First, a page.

Victims are usually rather self-absorbed. They forget the overwhelmingly important truth that everybody has problems; everybody is fighting a battle we know nothing about. Complaining about a strict landlord or a failed bank loan may be quite petty if you knew the person with whom you’re talking has a painful chronic disease. But you didn’t ask…

Image Source: Shutterstock

Image Source: Shutterstock

You’re highly critical of others

If you really think about it and realize most words that came out of your mouth this week about other people were negative, you may have a victim mentality. Part of allowing oneself to believe they are victims is to regularly look for the bad in other people.

 

 

Image Source: Shutterstock

Image Source: Shutterstock

You rarely initiate plans

Victims rarely email a group about a concert they have in mind, the website link to get the tickets, and an invite to have drinks at their place first. Instead, they sulk about the fact that nobody asks them to hang out.

 

 

Image Source: Shutterstock

Image Source: Shutterstock

Nobody’s plans are ever good enough

While victims do not initiate plans when someone else does, victims often point out all of the reasons those plans are a bad idea, and how those plans are not considerate of the tastes and hobbies of others.

 

 

You rarely say, “I’m sorry” or “I was wrong.”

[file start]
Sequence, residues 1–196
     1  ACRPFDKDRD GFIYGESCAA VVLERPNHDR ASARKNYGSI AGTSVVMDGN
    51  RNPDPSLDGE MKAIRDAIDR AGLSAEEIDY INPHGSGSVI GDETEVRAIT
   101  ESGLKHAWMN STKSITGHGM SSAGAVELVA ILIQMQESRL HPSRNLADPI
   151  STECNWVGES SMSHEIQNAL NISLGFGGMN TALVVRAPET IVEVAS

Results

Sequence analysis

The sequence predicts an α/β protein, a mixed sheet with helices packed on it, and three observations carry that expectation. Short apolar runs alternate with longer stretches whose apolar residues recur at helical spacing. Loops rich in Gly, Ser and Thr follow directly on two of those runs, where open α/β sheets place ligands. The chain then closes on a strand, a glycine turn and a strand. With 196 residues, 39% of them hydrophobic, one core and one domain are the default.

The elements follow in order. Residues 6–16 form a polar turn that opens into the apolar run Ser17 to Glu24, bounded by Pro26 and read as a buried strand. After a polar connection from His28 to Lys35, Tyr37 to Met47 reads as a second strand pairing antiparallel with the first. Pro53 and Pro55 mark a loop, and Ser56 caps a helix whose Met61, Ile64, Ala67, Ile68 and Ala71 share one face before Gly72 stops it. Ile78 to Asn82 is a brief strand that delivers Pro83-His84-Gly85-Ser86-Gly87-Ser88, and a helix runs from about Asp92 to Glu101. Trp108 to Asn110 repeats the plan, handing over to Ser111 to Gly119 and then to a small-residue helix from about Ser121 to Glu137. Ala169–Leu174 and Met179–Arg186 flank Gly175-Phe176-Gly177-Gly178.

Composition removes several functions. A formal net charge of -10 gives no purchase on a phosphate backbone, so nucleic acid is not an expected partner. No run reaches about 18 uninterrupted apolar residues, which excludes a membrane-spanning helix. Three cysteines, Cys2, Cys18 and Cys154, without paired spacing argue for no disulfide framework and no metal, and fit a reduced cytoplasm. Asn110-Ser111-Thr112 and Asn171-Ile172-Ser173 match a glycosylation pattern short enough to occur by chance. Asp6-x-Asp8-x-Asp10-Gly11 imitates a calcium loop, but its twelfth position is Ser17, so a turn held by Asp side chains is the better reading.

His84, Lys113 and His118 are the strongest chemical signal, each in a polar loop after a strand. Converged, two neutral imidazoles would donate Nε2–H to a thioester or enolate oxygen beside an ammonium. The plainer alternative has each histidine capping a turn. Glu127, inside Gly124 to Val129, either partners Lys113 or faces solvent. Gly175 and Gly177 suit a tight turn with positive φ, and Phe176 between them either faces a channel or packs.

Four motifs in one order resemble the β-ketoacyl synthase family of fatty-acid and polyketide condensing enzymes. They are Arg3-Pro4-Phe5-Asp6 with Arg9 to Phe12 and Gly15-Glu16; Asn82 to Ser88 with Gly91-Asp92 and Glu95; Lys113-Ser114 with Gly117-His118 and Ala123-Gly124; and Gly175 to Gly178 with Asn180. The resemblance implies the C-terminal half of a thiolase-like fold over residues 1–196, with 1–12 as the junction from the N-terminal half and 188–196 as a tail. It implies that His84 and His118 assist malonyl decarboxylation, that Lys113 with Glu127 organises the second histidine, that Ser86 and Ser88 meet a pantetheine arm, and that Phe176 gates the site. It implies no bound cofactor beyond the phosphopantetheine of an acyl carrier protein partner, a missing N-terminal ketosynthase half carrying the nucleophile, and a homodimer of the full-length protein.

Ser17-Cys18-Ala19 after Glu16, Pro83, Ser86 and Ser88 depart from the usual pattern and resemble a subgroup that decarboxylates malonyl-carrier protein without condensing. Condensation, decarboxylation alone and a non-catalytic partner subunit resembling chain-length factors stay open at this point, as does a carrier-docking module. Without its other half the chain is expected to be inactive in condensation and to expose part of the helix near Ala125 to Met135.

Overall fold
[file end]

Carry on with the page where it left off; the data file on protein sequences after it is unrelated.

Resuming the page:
Saying “I’m sorry” or “I was wrong” tastes like acid in a victim’s mouth. To apologize is to take responsibility for something unpleasant that happens. Victims don’t do that.

 

 

When you do say, “I’m sorry,” you say it with anger

On the rare occasion that a victim is forced to say, “I’m sorry” they do not say it calmly, or without protest. They yell, “I’m sorry!” or they run away after saying it. They did not truly believe they should have had to say it.

 

 

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Shutterstock

Your favorite people are your enablers

If you are a victim, then your favorite people are probably those who always agree with you, pity you, and criticize other people along with you. These people do not require that you grow or reflect on your behavior.

 

Annoyed woman

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Your least favorite people have been honest with you

Victims also hate people who call them out. They rarely admit that that is why they don’t like them—they come up with other reasons, so they don’t need to face the truth. You may say you don’t like someone because they are bossy, but the truth is, they once told you that you complain too much.

 

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Shutterstock

Life isn’t going the way you planned

It’s very hard to get very far in life with a victim mentality. Victims don’t get things done—they complain about why things aren’t getting done, but they do not look for solutions, silver linings, or positive spins. Complaints don’t fix problems or build empires.